• Step 4: Adjust the headrest so that it is centered with the back of your head.
  • Step 5: Adjust the lumbar support control so that it fits in the curve of your lower back

Experts recommend these tips to sit in your seat optimally:

  • Sit with your body the whole way back in your seat.
  • Hold the steering wheel in the “9 and 3” position. Driving with two hands is safer and causes less strain on the spine.
  • Keep your left foot on the footrest as much as possible. This helps minimize strain on the back and pelvis.
  • Adjust the seat belt so that it wraps around your pelvis area and not your stomach. This will ensure the most protection in the event of an accident.

Regular breaks and stretching are another critical step in alleviating many health consequences of long-haul driving. The rule of thumb is to take a 15-minute break for every two hours on the road.

Stretching before, during, and after a trip and during regular workouts can also help. “Stretching keeps the muscles flexible, strong, and healthy, and we need that flexibility to maintain a range of motion in the joints,” according to the Harvard Medical School. “Without it, the muscles shorten and become tight. Then, when you call on the muscles for activity, they are weak and unable to extend all the way. That puts you at risk for joint pain, strains, and muscle damage.”

Lower Your Commercial Truck Insurance Cost

American Insuring Group is committed to providing affordable commercial truck insurance. As Truck Insurance experts and independent agents, we compare the cost of your coverage among multiple insurance companies to ensure that you pay the lowest premium for the right coverage.

Call us today at (800) 947-1270 or (610) 775-3848, or connect with us online!

Tags: Commercial Vehicle Insurance, truck insurance, Trucking Insurance, Repetitive Motion Injuries, Commercial Auto Insurance

How to Stretch Your Truck Insurance Dollars

Posted by David Ross on Sat, Jun 10, 2023

Save by stretching your truck insurance value in Philadelphia, Pittsburgh, Erie, Reading, Allentown, Harrisburg, Lancaster, York, and throughout PAWhen we think about factors that increase Commercial Truck Insurance costs, we often think about accidents. And, yes, preventing accidents should be a priority if you want to lower insurance costs. Still, there is another often-forgotten factor that can also increase truck insurance costs – drivers being sedentary and staying in one position for hours on end.

Not many jobs are more sedentary than driving a truck, and sitting in one position can cause several issues, from stiff muscles to back pain and more. In fact, the National Library of Medicine reports, “The prevalence of low back pain in truck drivers was 59%.”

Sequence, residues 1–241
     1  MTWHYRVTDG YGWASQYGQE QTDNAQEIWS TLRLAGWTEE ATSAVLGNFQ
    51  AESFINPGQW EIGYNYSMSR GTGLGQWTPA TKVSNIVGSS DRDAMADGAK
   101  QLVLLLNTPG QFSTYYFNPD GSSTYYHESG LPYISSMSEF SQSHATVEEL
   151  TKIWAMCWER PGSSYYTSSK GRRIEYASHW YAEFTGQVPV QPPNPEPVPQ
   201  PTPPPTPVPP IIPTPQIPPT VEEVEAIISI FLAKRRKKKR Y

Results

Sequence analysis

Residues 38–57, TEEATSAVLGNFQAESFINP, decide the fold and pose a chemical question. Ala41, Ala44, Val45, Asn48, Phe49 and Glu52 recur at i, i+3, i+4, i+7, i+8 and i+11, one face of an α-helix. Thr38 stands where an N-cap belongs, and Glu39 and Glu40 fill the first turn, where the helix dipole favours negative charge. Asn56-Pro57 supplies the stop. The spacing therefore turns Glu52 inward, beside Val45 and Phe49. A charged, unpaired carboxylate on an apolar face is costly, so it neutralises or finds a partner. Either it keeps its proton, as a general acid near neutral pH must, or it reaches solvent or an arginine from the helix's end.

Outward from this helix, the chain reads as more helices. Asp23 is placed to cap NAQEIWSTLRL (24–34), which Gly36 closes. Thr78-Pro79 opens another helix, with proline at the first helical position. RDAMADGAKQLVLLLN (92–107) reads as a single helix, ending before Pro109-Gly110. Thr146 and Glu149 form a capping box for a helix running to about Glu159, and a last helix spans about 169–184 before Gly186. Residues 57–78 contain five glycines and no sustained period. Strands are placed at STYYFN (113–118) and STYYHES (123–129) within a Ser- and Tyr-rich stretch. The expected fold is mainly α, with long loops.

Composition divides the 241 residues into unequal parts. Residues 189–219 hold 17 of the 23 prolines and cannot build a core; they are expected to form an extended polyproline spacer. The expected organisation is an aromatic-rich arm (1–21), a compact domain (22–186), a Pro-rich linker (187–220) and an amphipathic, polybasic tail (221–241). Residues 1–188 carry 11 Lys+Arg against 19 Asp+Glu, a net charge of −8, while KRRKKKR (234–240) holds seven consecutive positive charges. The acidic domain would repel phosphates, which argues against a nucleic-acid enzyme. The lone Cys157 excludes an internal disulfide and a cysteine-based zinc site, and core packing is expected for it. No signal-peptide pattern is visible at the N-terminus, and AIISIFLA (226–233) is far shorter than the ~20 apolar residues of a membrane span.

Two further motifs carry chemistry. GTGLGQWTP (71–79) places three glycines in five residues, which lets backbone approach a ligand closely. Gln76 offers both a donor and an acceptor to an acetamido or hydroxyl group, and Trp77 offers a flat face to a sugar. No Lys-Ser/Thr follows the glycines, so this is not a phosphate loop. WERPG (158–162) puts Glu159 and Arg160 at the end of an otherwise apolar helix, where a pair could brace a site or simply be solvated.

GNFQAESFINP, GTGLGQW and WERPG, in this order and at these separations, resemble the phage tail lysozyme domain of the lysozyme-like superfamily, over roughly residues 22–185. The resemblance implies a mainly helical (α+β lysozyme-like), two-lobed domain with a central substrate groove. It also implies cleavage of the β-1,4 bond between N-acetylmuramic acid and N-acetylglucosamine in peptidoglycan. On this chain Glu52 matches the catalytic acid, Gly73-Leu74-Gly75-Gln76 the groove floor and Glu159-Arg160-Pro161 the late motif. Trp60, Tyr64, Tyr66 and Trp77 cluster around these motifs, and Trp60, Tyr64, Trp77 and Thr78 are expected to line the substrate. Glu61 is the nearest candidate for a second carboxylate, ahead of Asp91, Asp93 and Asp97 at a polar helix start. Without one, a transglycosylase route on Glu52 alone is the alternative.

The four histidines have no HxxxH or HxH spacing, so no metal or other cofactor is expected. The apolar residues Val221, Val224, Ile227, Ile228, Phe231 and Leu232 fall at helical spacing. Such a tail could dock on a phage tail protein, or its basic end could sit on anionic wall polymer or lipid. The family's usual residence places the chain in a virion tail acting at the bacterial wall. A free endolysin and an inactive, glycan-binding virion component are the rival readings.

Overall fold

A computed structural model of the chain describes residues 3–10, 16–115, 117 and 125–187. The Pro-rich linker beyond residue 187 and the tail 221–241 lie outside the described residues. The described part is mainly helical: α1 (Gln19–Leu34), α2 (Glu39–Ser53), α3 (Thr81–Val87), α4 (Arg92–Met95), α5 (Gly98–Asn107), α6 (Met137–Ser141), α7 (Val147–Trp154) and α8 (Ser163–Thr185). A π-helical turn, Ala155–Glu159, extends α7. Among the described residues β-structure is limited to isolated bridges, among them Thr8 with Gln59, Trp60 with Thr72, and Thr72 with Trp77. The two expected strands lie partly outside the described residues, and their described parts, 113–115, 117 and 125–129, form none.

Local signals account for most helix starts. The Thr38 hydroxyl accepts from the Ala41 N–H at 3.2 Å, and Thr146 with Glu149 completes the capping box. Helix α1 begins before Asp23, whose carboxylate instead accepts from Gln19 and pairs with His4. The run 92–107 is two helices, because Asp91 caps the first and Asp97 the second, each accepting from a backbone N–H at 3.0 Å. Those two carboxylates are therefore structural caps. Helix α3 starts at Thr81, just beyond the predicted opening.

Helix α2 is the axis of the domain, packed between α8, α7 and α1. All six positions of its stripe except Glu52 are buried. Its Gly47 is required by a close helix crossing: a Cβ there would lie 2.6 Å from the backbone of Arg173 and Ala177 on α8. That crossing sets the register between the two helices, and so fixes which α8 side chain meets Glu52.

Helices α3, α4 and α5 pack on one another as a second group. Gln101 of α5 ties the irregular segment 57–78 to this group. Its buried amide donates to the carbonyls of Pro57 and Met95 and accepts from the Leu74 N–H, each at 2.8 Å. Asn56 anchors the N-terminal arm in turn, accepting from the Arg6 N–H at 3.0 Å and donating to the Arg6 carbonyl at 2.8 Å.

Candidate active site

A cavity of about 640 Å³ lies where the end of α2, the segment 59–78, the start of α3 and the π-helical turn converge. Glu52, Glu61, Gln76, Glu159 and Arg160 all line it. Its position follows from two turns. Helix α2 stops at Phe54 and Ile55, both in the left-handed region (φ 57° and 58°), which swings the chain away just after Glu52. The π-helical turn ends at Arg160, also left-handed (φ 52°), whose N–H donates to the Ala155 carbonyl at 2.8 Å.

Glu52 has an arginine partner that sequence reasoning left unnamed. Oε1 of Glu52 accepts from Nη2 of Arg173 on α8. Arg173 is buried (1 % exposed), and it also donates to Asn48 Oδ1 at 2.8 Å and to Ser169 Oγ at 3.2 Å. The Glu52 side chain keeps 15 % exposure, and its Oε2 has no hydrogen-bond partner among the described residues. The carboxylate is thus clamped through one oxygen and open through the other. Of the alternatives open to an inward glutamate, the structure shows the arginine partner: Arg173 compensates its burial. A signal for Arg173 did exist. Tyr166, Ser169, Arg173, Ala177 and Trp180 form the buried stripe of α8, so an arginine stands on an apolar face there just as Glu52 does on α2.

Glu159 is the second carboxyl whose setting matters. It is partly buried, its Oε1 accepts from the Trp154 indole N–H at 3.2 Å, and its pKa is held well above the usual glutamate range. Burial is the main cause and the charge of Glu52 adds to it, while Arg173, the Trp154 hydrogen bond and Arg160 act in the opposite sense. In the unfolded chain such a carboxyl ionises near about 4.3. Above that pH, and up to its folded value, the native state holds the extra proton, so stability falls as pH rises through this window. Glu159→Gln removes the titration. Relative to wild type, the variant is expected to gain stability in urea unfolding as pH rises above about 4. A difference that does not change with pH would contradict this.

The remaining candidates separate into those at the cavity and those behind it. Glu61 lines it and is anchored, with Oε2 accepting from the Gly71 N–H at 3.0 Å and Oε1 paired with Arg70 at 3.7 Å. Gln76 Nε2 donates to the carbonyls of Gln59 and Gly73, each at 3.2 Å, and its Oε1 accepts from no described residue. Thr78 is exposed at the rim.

One simple solution can help reduce the frequency of these issues - stretching before, during, and after a trip and during regular workouts. “Stretching keeps the muscles flexible, strong, and healthy, and we need that flexibility to maintain a range of motion in the joints,” according to the Harvard Medical School. “Without it, the muscles shorten and become tight. Then, when you call on the muscles for activity, they are weak and unable to extend all the way. That puts you at risk for joint pain, strains, and muscle damage.”

6 Stretching Tips for Truck Drivers

Before beginning any workout routine – including stretching, it’s always best to consult with a physician. Here are six tips to keep in mind.

  1. Avoid stretching cold muscles
  2. Understand the difference between dynamic and static stretching
  3. Stretch your whole body
  4. Breathe with your stretches
  5. Stretches should not be painful
  6. Hold your static stretches

And remember, it may have taken you months or even years to get to the point you’re at now, so don’t expect one five-minute stretching workout to work miracles. You need to continue to stretch regularly over time to achieve flexibility, relieve tension, reduce fatigue, and improve your posture. In addition, you need to continue stretching to maintain the benefits achieved.

17 Stretches for Truck Drivers

Once you’ve consulted with your physician, the following stretches can be done before you begin driving, during breaks, after you’re done driving, or during your regular workout. Hold each stretch for five to thirty seconds and do five reps at a time. If you don’t have time to do all the stretches, focus on the areas that feel the tightest.

Click here for detailed instructions and a video demonstrating each stretch.

            LEG STRETCHES

  1. Toe Raises
  2. Hamstring Stretch
  3. Calf Stretch
  4. Thigh Stretch

       BACK STRETCHES

  1. Back Extension
  2. Knees to Chest Stretch

SHOULDER STRETCHES

  1. Simmer’s Stretch
  2. Stretch Across
  3. Butterfly Stretch
  4. Reach for the Sky

NECK STRETCHES

  1. Chin Tuck
  2. Upper Trap Stretch

ELBOW STRETCH

  1. Triceps Stretch

HAND STRETCHES

  1. Open/Closed Fist
  2. Thumb Stretch
  3. Wrist Flexion/Extension
  4. Prayer Stretch

And remember, these stretches should not cause pain. If you feel pain, you may be stretching too deeply or too soon. If you feel pain, ease off the stretch and keep stretching without pushing the muscle too hard. Over time, as you become more flexible, you should be able to stretch more deeply without feeling pain.

Get Affordable Commercial Truck Insurance

American Insuring Group is committed to providing affordable truck insurance. We analyze your specific risks and needs and provide savings and safety tips (like the stretching information in this blog). Furthermore, as independent agents, we compare the cost of your coverage with multiple insurance companies to ensure that you pay the lowest premium for the right coverage.

▸ Call us today at (800) 947-1270 or (610) 775-3848, or connect with us online!

Tags: Commercial Vehicle Insurance, truck insurance, Trucking Insurance, Safe Driving Tips, Commercial Auto Insurance